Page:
This study is the first of its kind to analyze patient and injury characteristics associated with bicycling injuries utilizing a nationally representative sample. Among the significant findings: motor vehicles were involved in approximately 30% of bicycle-related hospitalizations, and the association with motor vehicles increased among older children.

Moreover, one-third of children hospitalized for a bicycle-related injury were diagnosed with traumatic brain injury, a statistic that is significant for its correlation to the number of injuries that may be preventable through the use of bicycle helmets.

"The findings from our study can be used to promote targeted prevention strategies to lessen the severity of injury and the number of deaths resulting from pediatric bicycle-related injuries," Smith said. "We know that bicycle helmets can reduce the risk of brain injury by up to 85%. We need to increase efforts to promote helmet use by children riding bicycles."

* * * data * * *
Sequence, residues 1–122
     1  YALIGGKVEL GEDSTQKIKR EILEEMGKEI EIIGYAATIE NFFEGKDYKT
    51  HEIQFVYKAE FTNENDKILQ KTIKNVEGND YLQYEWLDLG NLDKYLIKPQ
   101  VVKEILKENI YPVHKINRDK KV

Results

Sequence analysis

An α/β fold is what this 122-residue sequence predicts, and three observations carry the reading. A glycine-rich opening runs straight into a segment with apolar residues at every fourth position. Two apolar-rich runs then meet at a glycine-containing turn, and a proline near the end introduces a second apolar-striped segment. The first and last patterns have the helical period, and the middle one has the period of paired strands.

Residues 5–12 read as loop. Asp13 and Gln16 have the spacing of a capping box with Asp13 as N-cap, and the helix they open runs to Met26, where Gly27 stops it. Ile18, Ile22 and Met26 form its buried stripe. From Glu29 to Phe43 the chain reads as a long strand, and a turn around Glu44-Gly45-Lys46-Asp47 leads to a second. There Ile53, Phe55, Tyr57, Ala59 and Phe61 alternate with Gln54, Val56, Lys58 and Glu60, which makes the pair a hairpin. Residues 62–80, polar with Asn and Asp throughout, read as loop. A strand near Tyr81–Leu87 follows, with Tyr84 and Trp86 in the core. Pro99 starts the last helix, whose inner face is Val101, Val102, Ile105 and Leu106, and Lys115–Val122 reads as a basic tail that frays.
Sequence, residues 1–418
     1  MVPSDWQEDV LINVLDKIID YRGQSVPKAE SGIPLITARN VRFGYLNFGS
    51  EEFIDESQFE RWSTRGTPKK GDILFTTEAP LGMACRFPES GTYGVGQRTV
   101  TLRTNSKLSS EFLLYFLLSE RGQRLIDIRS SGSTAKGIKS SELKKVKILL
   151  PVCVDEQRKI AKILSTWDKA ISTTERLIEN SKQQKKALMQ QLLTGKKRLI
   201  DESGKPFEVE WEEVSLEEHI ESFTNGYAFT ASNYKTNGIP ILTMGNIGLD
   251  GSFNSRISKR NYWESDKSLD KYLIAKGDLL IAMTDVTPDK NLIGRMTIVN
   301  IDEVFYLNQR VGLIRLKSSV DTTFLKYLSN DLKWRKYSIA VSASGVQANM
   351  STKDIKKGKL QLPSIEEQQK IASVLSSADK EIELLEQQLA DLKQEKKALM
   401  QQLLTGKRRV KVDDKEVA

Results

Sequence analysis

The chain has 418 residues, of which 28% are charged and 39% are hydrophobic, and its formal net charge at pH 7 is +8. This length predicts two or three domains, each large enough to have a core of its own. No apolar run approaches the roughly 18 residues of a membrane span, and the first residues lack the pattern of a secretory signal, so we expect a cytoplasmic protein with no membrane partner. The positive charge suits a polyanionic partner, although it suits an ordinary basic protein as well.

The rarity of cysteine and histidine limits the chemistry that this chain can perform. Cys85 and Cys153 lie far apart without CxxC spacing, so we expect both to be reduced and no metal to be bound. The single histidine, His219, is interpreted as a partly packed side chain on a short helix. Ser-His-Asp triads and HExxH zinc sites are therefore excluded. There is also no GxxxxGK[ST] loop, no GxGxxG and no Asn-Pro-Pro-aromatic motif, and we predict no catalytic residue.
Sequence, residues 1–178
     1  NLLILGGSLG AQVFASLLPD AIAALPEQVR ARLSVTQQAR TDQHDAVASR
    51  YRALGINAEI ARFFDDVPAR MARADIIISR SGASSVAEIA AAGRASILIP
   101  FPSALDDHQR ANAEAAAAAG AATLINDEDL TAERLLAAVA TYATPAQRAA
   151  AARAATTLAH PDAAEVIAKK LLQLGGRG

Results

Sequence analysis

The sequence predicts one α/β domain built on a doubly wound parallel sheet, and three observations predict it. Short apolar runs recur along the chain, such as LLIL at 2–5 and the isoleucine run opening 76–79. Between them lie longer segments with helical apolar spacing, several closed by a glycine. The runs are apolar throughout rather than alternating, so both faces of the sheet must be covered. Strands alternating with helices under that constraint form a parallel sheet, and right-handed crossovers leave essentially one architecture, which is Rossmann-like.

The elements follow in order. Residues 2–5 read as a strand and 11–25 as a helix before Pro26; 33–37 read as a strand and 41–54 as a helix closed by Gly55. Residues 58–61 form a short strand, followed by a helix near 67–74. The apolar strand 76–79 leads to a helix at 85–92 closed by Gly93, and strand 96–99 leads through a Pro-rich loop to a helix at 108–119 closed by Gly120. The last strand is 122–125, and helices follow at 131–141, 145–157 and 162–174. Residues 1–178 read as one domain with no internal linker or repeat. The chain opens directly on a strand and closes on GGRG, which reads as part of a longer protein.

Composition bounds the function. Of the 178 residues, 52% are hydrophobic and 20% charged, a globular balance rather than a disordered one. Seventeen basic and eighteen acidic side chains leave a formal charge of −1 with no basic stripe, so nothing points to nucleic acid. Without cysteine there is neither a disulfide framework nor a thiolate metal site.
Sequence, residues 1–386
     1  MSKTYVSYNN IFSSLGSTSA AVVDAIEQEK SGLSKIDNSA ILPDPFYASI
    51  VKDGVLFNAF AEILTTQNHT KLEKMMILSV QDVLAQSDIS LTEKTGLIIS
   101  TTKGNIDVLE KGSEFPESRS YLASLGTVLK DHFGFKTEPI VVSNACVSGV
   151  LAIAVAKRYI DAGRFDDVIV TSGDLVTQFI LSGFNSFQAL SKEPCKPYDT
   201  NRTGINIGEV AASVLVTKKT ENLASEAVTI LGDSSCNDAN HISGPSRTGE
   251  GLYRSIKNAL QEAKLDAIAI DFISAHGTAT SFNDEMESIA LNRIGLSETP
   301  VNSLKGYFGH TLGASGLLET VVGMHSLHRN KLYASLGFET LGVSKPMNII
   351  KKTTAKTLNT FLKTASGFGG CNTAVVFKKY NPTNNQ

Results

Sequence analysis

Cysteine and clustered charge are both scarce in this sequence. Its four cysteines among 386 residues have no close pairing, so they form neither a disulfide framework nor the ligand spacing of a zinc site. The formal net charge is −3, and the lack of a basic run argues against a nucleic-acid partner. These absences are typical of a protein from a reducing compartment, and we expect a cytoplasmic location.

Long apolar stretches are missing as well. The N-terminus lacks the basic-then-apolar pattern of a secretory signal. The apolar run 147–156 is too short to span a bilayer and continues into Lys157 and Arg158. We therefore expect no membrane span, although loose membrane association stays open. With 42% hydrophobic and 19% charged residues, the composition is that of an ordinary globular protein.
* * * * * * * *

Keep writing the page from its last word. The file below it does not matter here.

Story Source:

The above story is based on materials provided by Nationwide Children's Hospital. Note: Materials may be edited for content and length.


Cite This Page:

Nationwide Children's Hospital. "Kids' Bike Injuries Are Major Public Health Concern." ScienceDaily. ScienceDaily, 18 October 2007. <www.sciencedaily.com/releases/2007/10/071016131422.htm>.
Nationwide Children's Hospital. (2007, October 18). Kids' Bike Injuries Are Major Public Health Concern. ScienceDaily. Retrieved April 1, 2015 from www.sciencedaily.com/releases/2007/10/071016131422.htm
Nationwide Children's Hospital. "Kids' Bike Injuries Are Major Public Health Concern." ScienceDaily. www.sciencedaily.com/releases/2007/10/071016131422.htm (accessed April 1, 2015).

Share This


More From ScienceDaily



More Health & Medicine News

Wednesday, April 1, 2015

Featured Research

from universities, journals, and other organizations


Featured Videos

from AP, Reuters, AFP, and other news services

Wound-Healing Laser Soon to Be a Reality Israeli Scientist

Wound-Healing Laser Soon to Be a Reality Israeli Scientist

Reuters - Innovations Video Online (Apr. 1, 2015) Israeli scientists says laser bonding of tissue allows much faster healing and less scarring. Amy Pollock has more. Video provided by Reuters